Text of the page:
I leave Roundhay Grammar School without regret - Tony Cunnane's Autobiography

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I leave Roundhay Grammar School without regret


Above: The only school photograph I have from Roundhay. This was Form 2 - probably early 1949.  I am 2nd from the right on the front row. Just look at all those knobbly knees and wrinkly stockings!!

Late in the autumn of 1949, Dad was posted back to Strangeways Prison and so another house move and yet another change of school was pending. This time the family move was on hold until Dad could find a suitable house in Manchester or Salford for us, so he was once again travelling back and forth at weekends or when he had days off in lieu of weekends.

At the start of 1950 we still had not moved home and I was still at Roundhay GS. My diary recorded: "New Head Master. He is very tall and looks quite nice." That was his first and last mention in my diary. On 21 January there was a curious entry: "Fell out with Holt." Holt was Geoffrey Holt, my long-time school friend from my QEGS days in Wakefield and I had just spent the day with him. Since leaving Wakefield, Geoffrey and I had continued to meet regularly. All the many earlier diary entries about our friendship had always referred to him simply as Geoffrey. I have no idea what the falling out was about but he never featured in my diaries again and I have not seen him, or heard of him, since that day 66 years ago.

Teenagers of today cannot imagine what life was like without mobile phones, computers, and other electronic delights - and they probably get fed up of old folk going on about the 'olden days'. We still had no TV so I spent the dark winter evenings playing in my attic bedroom with my ever-growing Meccano set. I could also listen to the wireless because I had rigged up an extension loudspeaker from the set two floors down. I was allowed to switch on a small electric fire for short periods to take the chill off the air.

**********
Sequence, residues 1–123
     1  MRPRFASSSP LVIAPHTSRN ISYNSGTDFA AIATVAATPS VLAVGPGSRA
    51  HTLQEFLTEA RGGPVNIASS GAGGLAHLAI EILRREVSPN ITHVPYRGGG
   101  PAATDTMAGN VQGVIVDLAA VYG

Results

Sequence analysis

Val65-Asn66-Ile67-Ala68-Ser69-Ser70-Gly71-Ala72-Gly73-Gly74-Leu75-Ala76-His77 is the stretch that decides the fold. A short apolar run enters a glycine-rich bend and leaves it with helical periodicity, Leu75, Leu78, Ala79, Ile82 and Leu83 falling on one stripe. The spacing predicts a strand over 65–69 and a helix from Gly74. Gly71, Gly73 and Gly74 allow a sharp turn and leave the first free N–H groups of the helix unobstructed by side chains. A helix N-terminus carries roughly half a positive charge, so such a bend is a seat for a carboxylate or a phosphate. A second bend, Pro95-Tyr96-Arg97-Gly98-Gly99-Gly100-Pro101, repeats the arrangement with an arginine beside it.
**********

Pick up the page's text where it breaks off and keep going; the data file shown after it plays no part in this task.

Meccano was brilliant and I learned more about levers, three speed gear boxes, differentials, traction engines and bascule bridges than I ever learned later from any other source. My first Meccano had been a Number 3 Set bought for Christmas 1948, which was possibly the first time since the 1939-45 war had ended that Meccano was available again. I had immediately used some of my pocket money to buy a 3A Set which upgraded the No 3 Set to a No 4. That was a cunning sales ploy by Meccano - and a shrewd move by my parents who probably realised that I would use my pocket money to finance the upgrade. After a number of birthdays and Christmases I ended up early in 1950 with a No 7 Set plus extra cog wheels and, my pride and joy, a mains-operated electric motor that could be used to drive a wide variety of static models. The motor was controlled by a rather heavy Bakelite cube that had to be plugged into the mains electricity supply. There was a spring loaded control lever on the front of the device which varied the output voltage from zero to whatever the maximum was. There was a small problem with the controller: every time I touched the control lever I received an electric shock, quite a severe one which shot all the way up my arm. I tried to get around that problem by sticking a small piece of insulating tape on the end of the lever but every now and again the tape slipped off so I got another electric shock.

The week beginning 10 February 1950 was quite eventful. On the Monday we got the news we had been waiting for: a telegram from Dad told us that he had found a house for us in Salford. Quite by coincidence that was the day I started a newspaper round for a newsagent on the corner of Markham Avenue just around the corner from where we lived in Harehills. I did evening papers 6 days a week, and also the Sundays, because I needed the income to supplement my pocket money. The following day Mum went off on her own to Manchester on the train to view the new house leaving my sister and me to look after ourselves.